Azure Functions and Logic Apps

I wanted to create a simple Azure Function to make an HTTP GET Request to my website, which is hosted on the cheapest GoDaddy subscription. This subscription is on shared hosting and I don’t have much control over it. The initial load time of the WordPress site is CRAZY slow… in the ~22 second range! After the initial load time I’m seeing anywhere from 5-9 seconds load time. So I thought I’d create a keepalive function to make a HTTP GET Request once every 4 minutes, since the app pool shuts down after 5 minutes of inactivity. At first I created a SUPER simple Python script to do this, and it worked well….. Until it didn’t. I wasn’t home for a couple of days and it stopped working. I was running it on a RPi at home. However, I didn’t have any kind of VPN setup, so I could login remotely to see what the issue was. I thought, heck, I’ll create a super quick Azure Function based on a timer to ping the site instead. That way I can see if there are issues online anywhere I have internet access and potentially fix the issue also.

I did that and it worked well. However, I started to notice some issues… The interval not kicking off every 4 mins like I set it up to do, and some communication service errors. The communication service error I attribute to potentially the sight being down at GoDaddy for maintenance or something similar. The not kicking off every four minutes??? I’m not sure what that issue might be attributed too, minus, maybe Azure maintenance?

I decided to replace all of this with a Azure Logic App. I started looking at an Azure Logic App, since I could easily create a workflow, that I could maintain. For example, I make the request every four minutes, if for some reason, I get a HTTP status code greater than or equal to 300 I can send myself a text message. In addition, it is really easy to hook it up to log to Azure Table Storage. Well there was a bit of trial and error to set it up, but I was able to figure it out in about 10 mins or so….

To insert into table storage the designer wants you to create valid json. The key for me was figuring out how to insert a GUID for the RowKey. See the syntax below:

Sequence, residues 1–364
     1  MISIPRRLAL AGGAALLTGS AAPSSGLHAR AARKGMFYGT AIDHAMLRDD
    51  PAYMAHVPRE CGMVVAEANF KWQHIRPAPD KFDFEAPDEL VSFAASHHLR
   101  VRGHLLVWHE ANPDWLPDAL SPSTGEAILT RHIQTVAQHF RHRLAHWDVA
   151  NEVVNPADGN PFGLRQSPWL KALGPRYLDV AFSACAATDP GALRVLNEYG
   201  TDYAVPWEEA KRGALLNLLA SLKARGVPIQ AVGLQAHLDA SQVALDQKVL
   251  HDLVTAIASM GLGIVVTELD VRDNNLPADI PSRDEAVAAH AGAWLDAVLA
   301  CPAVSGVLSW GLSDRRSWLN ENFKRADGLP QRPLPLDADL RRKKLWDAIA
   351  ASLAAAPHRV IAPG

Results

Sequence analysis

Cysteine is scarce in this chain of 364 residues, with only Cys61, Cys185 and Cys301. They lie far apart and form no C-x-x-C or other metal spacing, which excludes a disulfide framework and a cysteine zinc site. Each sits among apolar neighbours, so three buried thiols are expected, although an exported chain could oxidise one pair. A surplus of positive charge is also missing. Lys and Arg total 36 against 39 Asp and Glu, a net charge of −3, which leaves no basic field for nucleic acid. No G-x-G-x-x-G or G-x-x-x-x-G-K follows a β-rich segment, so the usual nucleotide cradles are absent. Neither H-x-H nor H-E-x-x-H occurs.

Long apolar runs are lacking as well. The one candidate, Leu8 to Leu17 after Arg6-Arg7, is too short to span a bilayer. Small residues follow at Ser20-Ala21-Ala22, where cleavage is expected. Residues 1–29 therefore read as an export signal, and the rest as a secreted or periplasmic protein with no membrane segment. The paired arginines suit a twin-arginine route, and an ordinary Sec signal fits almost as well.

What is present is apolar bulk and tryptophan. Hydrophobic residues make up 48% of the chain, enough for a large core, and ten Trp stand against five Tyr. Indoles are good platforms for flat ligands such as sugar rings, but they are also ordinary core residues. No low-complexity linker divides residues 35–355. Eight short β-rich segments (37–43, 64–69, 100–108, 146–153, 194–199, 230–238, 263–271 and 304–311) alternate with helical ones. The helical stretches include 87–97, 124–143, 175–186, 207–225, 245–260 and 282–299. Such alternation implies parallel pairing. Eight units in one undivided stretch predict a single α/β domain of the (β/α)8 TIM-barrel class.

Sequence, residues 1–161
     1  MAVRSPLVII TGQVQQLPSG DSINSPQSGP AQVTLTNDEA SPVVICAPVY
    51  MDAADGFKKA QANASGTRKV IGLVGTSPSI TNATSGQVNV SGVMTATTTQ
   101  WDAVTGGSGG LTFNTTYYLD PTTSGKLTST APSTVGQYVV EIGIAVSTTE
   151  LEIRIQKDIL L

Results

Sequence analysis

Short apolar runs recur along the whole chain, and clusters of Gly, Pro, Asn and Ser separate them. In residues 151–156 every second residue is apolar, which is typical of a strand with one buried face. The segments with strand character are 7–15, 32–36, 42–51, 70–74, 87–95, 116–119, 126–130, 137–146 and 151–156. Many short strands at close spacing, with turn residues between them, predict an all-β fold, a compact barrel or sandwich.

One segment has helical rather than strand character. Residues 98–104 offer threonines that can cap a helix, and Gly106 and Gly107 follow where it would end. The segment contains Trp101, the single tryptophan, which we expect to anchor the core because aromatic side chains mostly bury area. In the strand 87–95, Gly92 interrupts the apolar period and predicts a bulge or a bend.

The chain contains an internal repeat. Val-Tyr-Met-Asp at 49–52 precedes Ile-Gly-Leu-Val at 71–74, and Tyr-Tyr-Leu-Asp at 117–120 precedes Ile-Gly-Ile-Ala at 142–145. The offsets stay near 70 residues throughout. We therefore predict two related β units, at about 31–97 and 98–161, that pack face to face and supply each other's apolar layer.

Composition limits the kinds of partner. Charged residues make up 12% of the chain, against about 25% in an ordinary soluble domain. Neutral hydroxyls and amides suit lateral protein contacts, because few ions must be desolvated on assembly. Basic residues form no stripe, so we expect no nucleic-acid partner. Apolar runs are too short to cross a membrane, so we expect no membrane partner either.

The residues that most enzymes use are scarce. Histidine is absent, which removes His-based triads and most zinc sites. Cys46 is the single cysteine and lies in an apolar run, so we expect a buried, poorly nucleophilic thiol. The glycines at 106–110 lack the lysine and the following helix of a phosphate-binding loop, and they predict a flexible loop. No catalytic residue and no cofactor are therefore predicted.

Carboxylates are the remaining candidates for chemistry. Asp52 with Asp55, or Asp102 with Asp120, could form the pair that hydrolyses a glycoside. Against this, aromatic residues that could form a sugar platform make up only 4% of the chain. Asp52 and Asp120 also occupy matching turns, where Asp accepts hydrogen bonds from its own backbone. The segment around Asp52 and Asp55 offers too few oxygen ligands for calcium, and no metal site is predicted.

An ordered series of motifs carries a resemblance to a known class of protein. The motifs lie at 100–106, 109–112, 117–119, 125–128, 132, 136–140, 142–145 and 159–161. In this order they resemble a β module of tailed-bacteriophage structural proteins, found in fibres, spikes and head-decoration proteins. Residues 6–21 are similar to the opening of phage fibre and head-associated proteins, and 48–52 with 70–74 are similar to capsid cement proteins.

"Body": "Body goes here",
"Headers": "@{outputs('HTTP')['headers']}",
"PartitionKey": "fsnKeepAlive",
"RowKey": "@{guid()}",
"StatusCode": "@outputs('HTTP')['statusCode']"

The @outputs sections were automatically created for me using the GUID, but I had to figure out that there was a guid function available in this context and the correct syntax.

In summary, the Azure Function gives a lot of control, but requires a but of coding. The Azure Logic App doesn’t require much “coding” AND provides a lot of features though the extensive list of integrations.

Happy 2018

I haven’t posted in a couple of weeks, so I figure I better get to it. I have a number of things I’ve been working on in the new year.

  • I’ve been watching some Pluralsight videos on Angular. I’ve learned Angular a couple of years back and it has changed a bit, so time to pick it up again.
  • I’ve started learning about docker. I created a simple docker application, ran it on my Mac, my PC, and then ran it on a simple Azure Ubuntu VM.
  • I created a new keepalive “service”. I had one running on my RPi at home, but when I was away for a couple of days… I realized it had stopped working. I don’t have a personal VPN into my house to figure out why, so I decided to create a super simple Azure Function to do the same thing. That way I can monitor and maintain it anywhere.
  • I’ve also been busy 3D printing for my son’s cub scouts. I created a blue mustang pinewood derby car body!
    • In addition, I’m going to be 3D printing their names, pack number, and year for their Arrow of Light plaques.

On top of all of this I’ve been studying various algorithms from my college days as these days hiring employers like to test you’re thought process by giving you academic problems to solve and see the thought process as you go through to solve them.

I’ve been pretty busy and since it is a new year, I want to make some goals for 2018. These are not set in stone, but goals I would like to achieve. These are not in any order.

2018 Goals:

  • Complete at least one online course a month about technology. Be it to learn a new language or just to improve my craftsmanship.
  • Listen to two technology podcasts a week.
  • Listen to one book a week (I use Audible a lot).
  • Play tennis at least once a week.
  • Drink no more than one mocha a week.
  • Stop drinking soda (unless it is with rum on the weekends).
  • Workout three days a week for at least 30 minutes at a time.

I think these are doable goals and just the start, I’d like to add more, but I also want to make sure I make reasonable goals.

Like the title says… Happy 2018!